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United States District Court, Southern District of New York

May 30, 2002


The opinion of the court was delivered by: Lewis A. Kaplan, United States District Court Judge.


This matter now is before the Court on the motion of defendant Stephan Ellingson to dismiss the action for lack of personal jurisdiction or, alternatively, to transfer it pursuant to 28 U.S.C. § 1404(a) to the Central District of California. The Court previously has ruled on the similar motion of Ellingson's former employer, defendant Masunaga Group, Inc. ("MGI"). Davis v. Masunaga Group, Inc., ___ F. Supp.2d ___, No. 02 Civ. 0909 (LAK), 2002 WL 1041285 (S.D.N Y May 22, 2002). Familiarity with the prior opinion is assumed. It should be noted also that plaintiff has not responded to this motion.

As there is no colorable basis for supposing that Ellingson is "doing business" in New York, the existence of personal jurisdiction over him depends upon whether the requirements of the relevant provisions of the New York long arm statute, N.Y. CPLR § 302(a), subd. 2-3, have been satisfied.

The complaint does not allege that any of the allegedly offending telephone calls, which are the gravamen of the action, were placed by Ellingson while he was present physically in the State of New York. In consequence, CPLR § 302(a), subd. 2, is not satisfied. Davis, 2002 WL 1041285, *1-2.

The allegations of the complaint, which Ellingson does not dispute for purposes of this motion, establish that Ellingson committed tortious acts without the state causing injury to a person within the state, thus satisfying the threshold requirement of Section 302(a), subd. 3. Id. *3-4. Further, in view of the fact that the complaint alleges — and Ellingson does not deny — that Ellingson made about twenty telephone calls to plaintiff in New York State as part of a course of harassment, "there is no serious question that it asserts a `persistent course of conduct' within the meaning of Section 302(a), subd. 3(i)." Id. *4. The difficulty, however, is that there is no suggestion that Ellingson engaged in that "persistent course of conduct" within the state, as subdivision 3(i) requires. See Ingraham v. Carroll, 90 N.Y.2d 592, 597, 665 N.Y.S.2d 10, 12 (1997) ("CPLR § 302[a][3][i] necessitates some ongoing activity within New York State") (emphasis in original). As plaintiff does not allege that Ellingson otherwise satisfied subdivision 3 of CPLR Section 302(a), the exercise of personal jurisdiction over Ellingson in this case is not authorized by New York law.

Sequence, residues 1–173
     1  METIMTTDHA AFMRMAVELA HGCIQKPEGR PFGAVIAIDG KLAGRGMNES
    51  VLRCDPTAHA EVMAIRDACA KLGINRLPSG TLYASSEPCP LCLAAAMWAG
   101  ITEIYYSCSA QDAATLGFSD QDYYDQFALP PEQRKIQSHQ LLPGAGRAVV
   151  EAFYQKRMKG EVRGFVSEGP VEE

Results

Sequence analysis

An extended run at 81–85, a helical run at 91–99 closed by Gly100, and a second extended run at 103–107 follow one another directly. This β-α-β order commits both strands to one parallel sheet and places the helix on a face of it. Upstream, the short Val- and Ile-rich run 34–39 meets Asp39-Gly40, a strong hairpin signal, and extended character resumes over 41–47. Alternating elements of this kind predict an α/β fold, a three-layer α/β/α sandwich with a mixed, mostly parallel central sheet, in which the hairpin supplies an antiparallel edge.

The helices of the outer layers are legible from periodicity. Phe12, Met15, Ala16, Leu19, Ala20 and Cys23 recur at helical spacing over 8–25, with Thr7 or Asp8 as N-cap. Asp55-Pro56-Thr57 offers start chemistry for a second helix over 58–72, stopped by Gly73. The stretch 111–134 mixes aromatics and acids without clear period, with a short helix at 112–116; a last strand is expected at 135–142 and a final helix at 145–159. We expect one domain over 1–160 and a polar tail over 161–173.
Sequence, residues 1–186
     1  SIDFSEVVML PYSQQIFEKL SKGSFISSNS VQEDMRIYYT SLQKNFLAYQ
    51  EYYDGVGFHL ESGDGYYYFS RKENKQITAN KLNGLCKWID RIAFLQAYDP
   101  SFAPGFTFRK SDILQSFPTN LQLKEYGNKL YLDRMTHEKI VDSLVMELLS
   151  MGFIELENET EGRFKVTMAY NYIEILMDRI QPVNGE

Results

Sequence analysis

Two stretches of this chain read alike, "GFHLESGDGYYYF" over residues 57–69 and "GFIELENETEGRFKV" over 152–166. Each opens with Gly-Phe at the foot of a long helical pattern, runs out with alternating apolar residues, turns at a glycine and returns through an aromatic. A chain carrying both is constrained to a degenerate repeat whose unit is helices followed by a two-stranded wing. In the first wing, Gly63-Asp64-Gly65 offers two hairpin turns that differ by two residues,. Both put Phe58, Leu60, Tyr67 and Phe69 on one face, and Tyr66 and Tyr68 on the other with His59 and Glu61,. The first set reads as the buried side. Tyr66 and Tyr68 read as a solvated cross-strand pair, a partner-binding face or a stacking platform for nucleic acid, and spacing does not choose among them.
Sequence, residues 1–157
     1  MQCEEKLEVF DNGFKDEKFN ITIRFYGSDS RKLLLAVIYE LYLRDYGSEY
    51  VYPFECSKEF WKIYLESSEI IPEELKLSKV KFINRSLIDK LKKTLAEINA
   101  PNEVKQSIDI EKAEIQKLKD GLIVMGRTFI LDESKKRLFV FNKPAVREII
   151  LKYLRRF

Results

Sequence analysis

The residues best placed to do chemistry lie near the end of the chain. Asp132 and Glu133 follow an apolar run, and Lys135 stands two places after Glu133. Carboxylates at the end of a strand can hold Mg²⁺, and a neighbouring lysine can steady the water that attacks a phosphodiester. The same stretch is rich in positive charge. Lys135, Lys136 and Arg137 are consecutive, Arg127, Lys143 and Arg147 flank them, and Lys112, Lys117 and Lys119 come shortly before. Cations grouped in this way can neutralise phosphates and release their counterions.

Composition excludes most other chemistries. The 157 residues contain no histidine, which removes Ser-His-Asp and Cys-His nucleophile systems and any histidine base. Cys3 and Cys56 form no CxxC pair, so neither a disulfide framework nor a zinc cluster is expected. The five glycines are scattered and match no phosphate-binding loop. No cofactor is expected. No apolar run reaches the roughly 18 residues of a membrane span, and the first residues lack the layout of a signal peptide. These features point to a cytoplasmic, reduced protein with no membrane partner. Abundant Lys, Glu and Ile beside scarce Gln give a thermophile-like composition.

The foregoing analysis calls into question the Court's conclusion with respect to the motion by MGI, which raised the question whether the requirements of Section 302(a), subd. 3(i) and (ii) were satisfied, albeit in this respect not so clearly as Ellingson. Inasmuch as the Court's conclusion that there was personal jurisdiction over MGI depended upon its conclusion that the requirement of a persistent course of conduct within the state was satisfied by Ellingson's actions, the Court's prior conclusion was incorrect.

For the foregoing reasons,

1. Ellingson's motion to dismiss or transfer is granted to the extent that the action is dismissed as against him for lack of personal jurisdiction.

2. The Court sua sponte reconsiders its ruling denying the motion of MGI. On reconsideration, it vacates its order of May 22, 2002 and grants MGI's motion to dismiss the action as against it for lack of personal jurisdiction.



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